To the extent that the judge performed a separate factor-by-
factor Daubert analysis of the application of ACE-V to simultaneous impressions, her analysis was implied and brief. This is apparent when her supplemental order is compared to her painstaking review of the record in her original order. The most plausible reading of the judge's supplemental order is that she found the application of ACE-V to simultaneous impressions sufficiently reliable because she concluded that it did not differ in any significant way from the use of ACE-V to match a single latent fingerprint impression.
g. Reservation and report. On January 14, 2005, the judge reserved and reported her orders to the Appeals Court because, in her view, the question of admissibility of fingerprint evidence in this case is both important and doubtful. See Mass. R. Crim. P. 34, 378 Mass. 905 (1979).
2. Discussion. Trial judges serve a gatekeeper function with respect to expert opinion testimony based on specialized knowledge. See Lanigan, supra at 26. "If the process or theory underlying [an] . . . expert's opinion lacks reliability, that opinion should not reach the trier of fact." [Note 10] Id.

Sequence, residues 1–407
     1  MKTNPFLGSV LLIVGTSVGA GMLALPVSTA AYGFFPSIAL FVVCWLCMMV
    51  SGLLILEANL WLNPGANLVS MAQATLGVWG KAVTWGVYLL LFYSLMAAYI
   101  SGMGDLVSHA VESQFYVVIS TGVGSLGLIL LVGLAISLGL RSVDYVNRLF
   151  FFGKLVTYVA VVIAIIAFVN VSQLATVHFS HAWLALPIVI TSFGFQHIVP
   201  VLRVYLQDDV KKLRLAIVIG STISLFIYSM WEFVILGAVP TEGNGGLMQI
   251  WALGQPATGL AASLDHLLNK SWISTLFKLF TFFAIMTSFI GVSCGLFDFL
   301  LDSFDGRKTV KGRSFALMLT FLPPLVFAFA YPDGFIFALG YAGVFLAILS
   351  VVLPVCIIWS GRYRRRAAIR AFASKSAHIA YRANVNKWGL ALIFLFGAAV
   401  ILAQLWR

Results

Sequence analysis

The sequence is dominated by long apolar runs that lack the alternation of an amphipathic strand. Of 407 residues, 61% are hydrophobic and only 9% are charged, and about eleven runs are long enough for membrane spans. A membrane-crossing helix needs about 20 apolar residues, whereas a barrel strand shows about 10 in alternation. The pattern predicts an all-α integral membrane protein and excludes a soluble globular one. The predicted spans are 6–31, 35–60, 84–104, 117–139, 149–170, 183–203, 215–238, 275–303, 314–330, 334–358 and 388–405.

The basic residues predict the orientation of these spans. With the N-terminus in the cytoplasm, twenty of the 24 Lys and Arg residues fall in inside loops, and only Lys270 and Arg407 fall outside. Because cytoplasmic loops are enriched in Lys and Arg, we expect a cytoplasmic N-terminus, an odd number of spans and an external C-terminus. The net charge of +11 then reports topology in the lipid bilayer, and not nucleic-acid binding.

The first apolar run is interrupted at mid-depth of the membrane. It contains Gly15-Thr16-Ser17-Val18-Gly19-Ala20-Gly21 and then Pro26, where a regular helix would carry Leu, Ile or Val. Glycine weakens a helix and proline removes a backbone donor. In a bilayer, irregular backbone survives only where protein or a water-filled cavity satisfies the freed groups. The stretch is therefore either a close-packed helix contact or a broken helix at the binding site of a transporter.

a. Standard of review. We review a judge's Lanigan decision for abuse of discretion. See General Elec. Co. v. Joiner, 522 U.S. 136, 141-143 (1997); Canavan's Case, 432 Mass. 304 , 311-312 (2000). While our review under this standard is deferential and limited, it is not perfunctory. A judge's findings must apply the correct legal standard to the facts of the case and must be supported by an examination of the record. See id. at 312 ("applying an abuse of discretion standard on appellate review will allow trial judges the needed discretion to conduct the inherently fact-intensive and flexible Lanigan analysis, while preserving a sufficient degree of appellate review to as-sure that Lanigan determinations are consistent with the law and supported by a sufficient factual basis in the particular case").